Despite having the largest military budget in the world and being the largest operator of military bases abroad, the US is far from being a global hegemon, argues a DC-based think tank Quincy Institute for Responsible Statecraft.
Over the past decades Washington has demonstrated a capacity for mass destruction – in Korea, Vietnam, Afghanistan, Iraq, Libya and elsewhere – but “it has won no more than Pyrrhic victories” which led to the erosion of trust in Pax Americana both at home and abroad, according to Responsible Statecraft scholars.
The US military spending reached $876.9 billion in 2022, while the nation also operates a whopping 750 foreign military bases. Still, Washington is incapable of persuading the Global South to join anti-Russia sanctions over the latter’s special military operation in Ukraine, the think tank remarks. “If hegemony means the capacity to get other countries to comply with one’s demands, the United States is far from being a global hegemon,” the report notes.
Judging from the so-called Pentagon leak, even some US allies and partners demonstrated hesitance and unwillingness to provide the Kiev regime with shells, jets and armored vehicles. Meanwhile, most nations of the Global South shrugged off the US calls for slapping sanctions on Moscow as contradicting their national interests.
US political observers emphasize that six nations in the Global South – namely, India, Brazil, Turkey, Indonesia, Saudi Arabia, and South Africa – are set to decide the future of geopolitics and insist that the Biden administration needs to win their hearts and minds. At the same time, European commentators argue that developing nations have the right to remain neutral and non-aligned.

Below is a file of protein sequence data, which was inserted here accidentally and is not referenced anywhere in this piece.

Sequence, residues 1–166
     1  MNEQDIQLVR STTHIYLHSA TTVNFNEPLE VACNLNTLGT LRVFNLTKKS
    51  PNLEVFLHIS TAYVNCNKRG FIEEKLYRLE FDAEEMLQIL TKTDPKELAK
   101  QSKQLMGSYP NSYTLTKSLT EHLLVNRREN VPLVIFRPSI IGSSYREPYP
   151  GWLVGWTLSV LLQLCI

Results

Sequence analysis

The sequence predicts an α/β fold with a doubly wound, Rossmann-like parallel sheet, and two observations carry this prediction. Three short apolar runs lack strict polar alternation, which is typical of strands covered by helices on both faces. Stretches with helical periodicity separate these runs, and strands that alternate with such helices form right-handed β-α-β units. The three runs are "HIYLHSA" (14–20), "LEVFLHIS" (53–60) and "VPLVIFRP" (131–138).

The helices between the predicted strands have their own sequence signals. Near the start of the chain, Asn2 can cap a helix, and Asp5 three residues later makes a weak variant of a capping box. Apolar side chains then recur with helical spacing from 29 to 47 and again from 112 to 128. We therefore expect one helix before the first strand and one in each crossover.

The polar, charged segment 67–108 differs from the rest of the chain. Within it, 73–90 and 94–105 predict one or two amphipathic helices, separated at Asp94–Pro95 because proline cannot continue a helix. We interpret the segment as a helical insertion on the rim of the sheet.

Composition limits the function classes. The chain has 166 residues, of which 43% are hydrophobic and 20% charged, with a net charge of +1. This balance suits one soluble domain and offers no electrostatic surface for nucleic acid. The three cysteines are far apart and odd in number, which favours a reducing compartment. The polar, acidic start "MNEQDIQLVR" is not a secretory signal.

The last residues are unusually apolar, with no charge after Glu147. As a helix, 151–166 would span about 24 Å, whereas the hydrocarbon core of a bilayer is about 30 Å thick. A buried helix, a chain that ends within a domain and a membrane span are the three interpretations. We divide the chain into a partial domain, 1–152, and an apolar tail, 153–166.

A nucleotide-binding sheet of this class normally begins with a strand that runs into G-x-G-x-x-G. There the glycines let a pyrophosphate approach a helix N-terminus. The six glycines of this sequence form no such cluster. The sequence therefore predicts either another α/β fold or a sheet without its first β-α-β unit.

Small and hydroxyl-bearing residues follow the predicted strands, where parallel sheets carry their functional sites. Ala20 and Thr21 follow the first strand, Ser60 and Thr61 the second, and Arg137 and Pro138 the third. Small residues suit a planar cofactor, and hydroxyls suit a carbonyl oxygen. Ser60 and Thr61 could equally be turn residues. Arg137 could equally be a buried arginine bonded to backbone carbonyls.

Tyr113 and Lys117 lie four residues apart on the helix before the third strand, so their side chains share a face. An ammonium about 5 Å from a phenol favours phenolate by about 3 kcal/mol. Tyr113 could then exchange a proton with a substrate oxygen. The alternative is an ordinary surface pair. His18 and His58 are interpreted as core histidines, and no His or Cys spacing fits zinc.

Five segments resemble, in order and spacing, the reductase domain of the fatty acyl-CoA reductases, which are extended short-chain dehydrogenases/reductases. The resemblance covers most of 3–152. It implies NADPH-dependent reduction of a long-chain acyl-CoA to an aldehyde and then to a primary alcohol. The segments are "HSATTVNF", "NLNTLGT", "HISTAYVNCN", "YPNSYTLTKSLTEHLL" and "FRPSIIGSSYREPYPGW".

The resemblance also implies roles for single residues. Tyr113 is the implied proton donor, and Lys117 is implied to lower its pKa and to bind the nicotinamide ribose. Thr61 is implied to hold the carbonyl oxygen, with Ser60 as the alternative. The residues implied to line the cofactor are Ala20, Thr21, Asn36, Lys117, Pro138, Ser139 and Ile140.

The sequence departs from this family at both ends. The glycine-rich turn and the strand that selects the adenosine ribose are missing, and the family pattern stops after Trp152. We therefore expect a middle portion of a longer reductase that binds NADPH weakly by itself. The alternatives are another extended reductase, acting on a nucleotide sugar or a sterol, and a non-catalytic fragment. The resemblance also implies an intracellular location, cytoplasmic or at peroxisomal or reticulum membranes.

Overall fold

For instance, in June 2022, India’s External Affairs Minister Dr S Jaishankar shredded the West’s claim that New Delhi was “sitting on the fence.” According to the minister, India is entitled to its opinion when it comes to the Russo-Ukrainian conflict.
Likewise, the Association of Southeast Asian Nations (ASEAN) has chosen to collaborate with both the US and China, instead of taking sides. Moreover, ASEAN nations are active participants of Beijing’s Belt and Road Initiative (BRI) regardless of Washington’s attempts to maintain its dominance in the region and curb China’s influence in the Asia Pacific.
Per DC scholars, the emerging trend was articulated by Brookings Institution fellow Fiona Hill, former Deputy Assistant to the President of the United States, in May 2023:
“The war in Ukraine is perhaps the event that makes the passing of Pax Americana apparent to everyone. … [Other countries] want to decide, not be told what’s in their interest. In short, in 2023, we hear a resounding no to US domination and see a marked appetite for a world without a hegemon,” she said at a conference in Tallinn, Estonia
According to Hill, the Global South’s resistance to the US and the EU’s demands to slap sanctions on Moscow is nothing short of “an open rebellion.” She noted that “this is a mutiny against what they see as the collective West dominating the international discourse and foisting its problems on everyone else, while brushing aside their priorities on climate change compensation, economic development, and debt relief.”
Western observers also acknowledge that the world’s center of gravity is steadily shifting east, adding that the Biden administration has so far sought to avert this trend by trying to establish “a lasting technological lead over China” and beefing up the US military in Western Pacific.
However, “most developing countries, including emerging powers in the Global South, are no longer willing to make zero-sum choices” between Washington and its geopolitical rivals, DC scholars underscore, urging American policymakers to accept the reality that the US is no longer “the indispensable nation.”